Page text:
Despite the joint exercises’ origins as an important part of bilateral CBM measures to tackle mutual suspicions over the border dispute, the exercises have not only failed to prevent or even reduce escalating tensions along the LAC—there has been an increase in the frequency and magnitude of flare-ups here in recent years—but they have fallen victim to the border dispute itself. For example, India suspended the joint military exercises and other exchanges between 2010 and 2013 when Beijing refused a visa to the Indian army’s Northern Area Commander, Lt. Gen. B. S. Jaiswal, in 2010 because he “controlled” a “disputed area,” Jammu and Kashmir  (The Hindu, August 27, 2010). Clearly, the border dispute determines the fate of the joint exercises, rather than the joint exercises contributing to easing suspicions over the border. According to one retired Indian military officer, given the “limited say” the Indian military has in determining the bilateral CBMs, even on security and strategic issues, and the “peripheral role” that the joint exercises play in the larger confidence building between the two countries, the joint exercises are more of a “barometer of the progress of CBMs” between the two countries, rather than a major influence in shaping it (Author’s Interview, Col. R. Hariharan, a former military intelligence specialist in the Indian Army, Chennai, October 23).

The utility of the exercises is greatly hindered by the size and deployment zone of the participants. While the joint exercises have contributed to building trust between participants at a personal level between the two militaries, evident in the bonhomie and camaraderie visible at the exercises, the troops participating are not actually those deployed at the border, meaning tensions and mistrust along the border have yet to be addressed (The Hindu, December 27, 2007). Furthermore, the number of troops participating in each exercise is too small to even begin having a positive impact on the two armies—the upcoming exercise, for instance, is expected to include around 130 soldiers from each side. Unlike the joint exercises between the Indian and Chinese navies, which are more substantial in content as well as productive in results, the joint army exercises have been disappointing so far. [4]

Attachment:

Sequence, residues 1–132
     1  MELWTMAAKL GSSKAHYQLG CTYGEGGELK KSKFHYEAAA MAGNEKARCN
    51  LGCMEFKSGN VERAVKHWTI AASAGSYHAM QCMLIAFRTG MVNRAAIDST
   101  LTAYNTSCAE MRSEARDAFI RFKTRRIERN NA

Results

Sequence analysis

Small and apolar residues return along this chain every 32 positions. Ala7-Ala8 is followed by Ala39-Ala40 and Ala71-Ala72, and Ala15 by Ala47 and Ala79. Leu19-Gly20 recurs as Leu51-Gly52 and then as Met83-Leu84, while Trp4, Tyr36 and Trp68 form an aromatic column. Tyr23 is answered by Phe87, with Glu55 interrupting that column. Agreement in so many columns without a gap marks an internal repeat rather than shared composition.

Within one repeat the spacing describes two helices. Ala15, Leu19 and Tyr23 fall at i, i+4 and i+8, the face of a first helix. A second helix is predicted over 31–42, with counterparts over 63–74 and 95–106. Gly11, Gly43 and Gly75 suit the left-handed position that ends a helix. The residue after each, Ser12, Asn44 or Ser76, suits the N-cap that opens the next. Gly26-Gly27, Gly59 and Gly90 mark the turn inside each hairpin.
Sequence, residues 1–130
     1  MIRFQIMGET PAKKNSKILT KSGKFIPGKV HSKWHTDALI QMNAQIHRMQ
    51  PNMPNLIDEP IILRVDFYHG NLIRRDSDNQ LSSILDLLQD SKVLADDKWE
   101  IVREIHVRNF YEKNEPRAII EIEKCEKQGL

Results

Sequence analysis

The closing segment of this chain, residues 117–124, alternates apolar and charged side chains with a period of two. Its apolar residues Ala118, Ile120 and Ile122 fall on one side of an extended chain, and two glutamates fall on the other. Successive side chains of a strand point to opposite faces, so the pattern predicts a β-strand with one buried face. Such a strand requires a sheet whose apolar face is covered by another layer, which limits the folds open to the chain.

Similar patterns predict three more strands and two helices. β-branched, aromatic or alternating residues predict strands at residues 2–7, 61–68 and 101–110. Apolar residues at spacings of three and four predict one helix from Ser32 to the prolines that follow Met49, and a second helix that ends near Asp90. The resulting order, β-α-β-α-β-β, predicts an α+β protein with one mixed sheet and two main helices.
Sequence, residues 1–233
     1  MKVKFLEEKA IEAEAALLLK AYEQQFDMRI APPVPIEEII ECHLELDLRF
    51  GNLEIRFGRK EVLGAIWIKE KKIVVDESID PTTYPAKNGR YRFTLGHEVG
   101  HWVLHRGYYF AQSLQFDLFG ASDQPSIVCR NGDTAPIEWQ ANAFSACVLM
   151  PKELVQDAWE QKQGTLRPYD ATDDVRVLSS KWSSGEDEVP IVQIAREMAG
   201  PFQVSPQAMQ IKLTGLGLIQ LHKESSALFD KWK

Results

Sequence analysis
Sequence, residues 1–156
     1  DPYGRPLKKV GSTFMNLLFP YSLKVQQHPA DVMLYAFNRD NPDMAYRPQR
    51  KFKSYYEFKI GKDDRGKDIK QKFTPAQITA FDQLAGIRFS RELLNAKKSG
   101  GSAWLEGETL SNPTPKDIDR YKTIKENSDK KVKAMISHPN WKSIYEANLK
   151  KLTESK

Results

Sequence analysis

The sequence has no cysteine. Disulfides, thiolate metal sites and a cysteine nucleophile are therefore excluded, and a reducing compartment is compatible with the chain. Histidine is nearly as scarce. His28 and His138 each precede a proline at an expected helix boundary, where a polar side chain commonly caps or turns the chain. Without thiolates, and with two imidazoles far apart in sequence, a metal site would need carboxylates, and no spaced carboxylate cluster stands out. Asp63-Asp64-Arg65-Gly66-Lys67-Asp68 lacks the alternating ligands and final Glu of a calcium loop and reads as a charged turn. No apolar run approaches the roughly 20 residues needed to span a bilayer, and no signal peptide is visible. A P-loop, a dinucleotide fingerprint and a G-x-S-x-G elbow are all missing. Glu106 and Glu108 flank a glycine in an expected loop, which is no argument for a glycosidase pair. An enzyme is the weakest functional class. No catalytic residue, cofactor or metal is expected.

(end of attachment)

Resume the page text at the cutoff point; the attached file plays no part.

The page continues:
Elephant in the Room

As for facilitating learning from each other’s tactics and best practices, the value of the Sino-Indian counter-terrorism exercises is limited by their basic content. Compared with the content, frequency, regularity and magnitude of its joint military exercises with Russia, China’s counter-terrorism exercises with India are miniscule and marginal. The low-level counter-terrorism exercises with India are a reflection of the limited cooperation on terrorism-related issues between the two countries, which is an outcome of the complex India-China-Pakistan relationship.